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Chapter III.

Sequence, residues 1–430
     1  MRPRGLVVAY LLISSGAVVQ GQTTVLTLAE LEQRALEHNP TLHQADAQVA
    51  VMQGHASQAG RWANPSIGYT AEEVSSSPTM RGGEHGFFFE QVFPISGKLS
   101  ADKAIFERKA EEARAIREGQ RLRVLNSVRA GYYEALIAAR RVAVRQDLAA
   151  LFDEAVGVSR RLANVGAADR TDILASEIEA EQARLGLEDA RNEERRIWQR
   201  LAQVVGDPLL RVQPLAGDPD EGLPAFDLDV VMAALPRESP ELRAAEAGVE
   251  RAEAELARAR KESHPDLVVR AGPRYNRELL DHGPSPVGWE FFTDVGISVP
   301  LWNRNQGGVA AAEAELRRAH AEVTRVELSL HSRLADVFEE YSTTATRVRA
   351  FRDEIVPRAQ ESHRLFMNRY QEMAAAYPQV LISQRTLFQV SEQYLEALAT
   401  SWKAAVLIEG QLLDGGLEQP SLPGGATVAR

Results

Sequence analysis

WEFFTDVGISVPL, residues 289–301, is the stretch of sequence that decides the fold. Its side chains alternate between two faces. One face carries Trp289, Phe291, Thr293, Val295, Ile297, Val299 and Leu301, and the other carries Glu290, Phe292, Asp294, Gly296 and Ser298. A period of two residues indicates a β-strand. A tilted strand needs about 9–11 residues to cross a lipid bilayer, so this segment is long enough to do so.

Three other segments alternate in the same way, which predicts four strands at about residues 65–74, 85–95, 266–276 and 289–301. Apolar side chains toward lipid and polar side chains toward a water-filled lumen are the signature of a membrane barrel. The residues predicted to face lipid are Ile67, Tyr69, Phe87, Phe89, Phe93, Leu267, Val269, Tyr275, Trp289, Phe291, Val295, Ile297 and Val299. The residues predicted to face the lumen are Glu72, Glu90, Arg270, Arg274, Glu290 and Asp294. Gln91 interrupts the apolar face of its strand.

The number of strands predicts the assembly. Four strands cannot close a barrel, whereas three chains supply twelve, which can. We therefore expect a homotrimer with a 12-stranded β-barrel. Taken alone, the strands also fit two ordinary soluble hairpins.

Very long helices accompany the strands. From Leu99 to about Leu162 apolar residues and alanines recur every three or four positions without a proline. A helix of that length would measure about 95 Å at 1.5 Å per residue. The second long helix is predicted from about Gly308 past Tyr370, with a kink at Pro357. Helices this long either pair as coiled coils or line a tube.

Before proceeding to the next point, it may be well for us to see whether we do not accept with approval the saying, “No man can serve two masters,” with the addition, “for either he will hate the one, and love the other; or else he will hold to the one, and despise the other,” and further, “Ye cannot serve God and mammon.”48434843    Matt. vi. 24.  The defence of this passage will lead us to a deeper and more searching inquiry into the meaning and application of the words “gods” and “lords.”  Divine Scripture teaches us that there is “a great Lord above all gods.”48444844    Ps. xcvii. 9.  And by this name “gods” we are not to understand the objects of heathen worship (for we know that “all the gods of the heathen are demons”48454845    Ps. xcvi. 5.), but the gods mentioned by the prophets as forming an assembly, whom God “judges,” and to each of whom He assigns his proper work.  For “God standeth in the assembly of the gods:  He judgeth among the gods.”48464846    Ps. lxxxii. 1.  For “God is Lord 642of gods,” who by His Son “hath called the earth from the rising of the sun unto the going down thereof.”48474847    Ps. l. 1.  We are also commanded to “give thanks to the God of gods.”48484848    Ps. cxxxvi. 2.  Moreover, we are taught that “God is not the God of the dead, but of the living.”48494849    Matt. xxii. 32.  Nor are these the only passages to this effect; but there are very many others.


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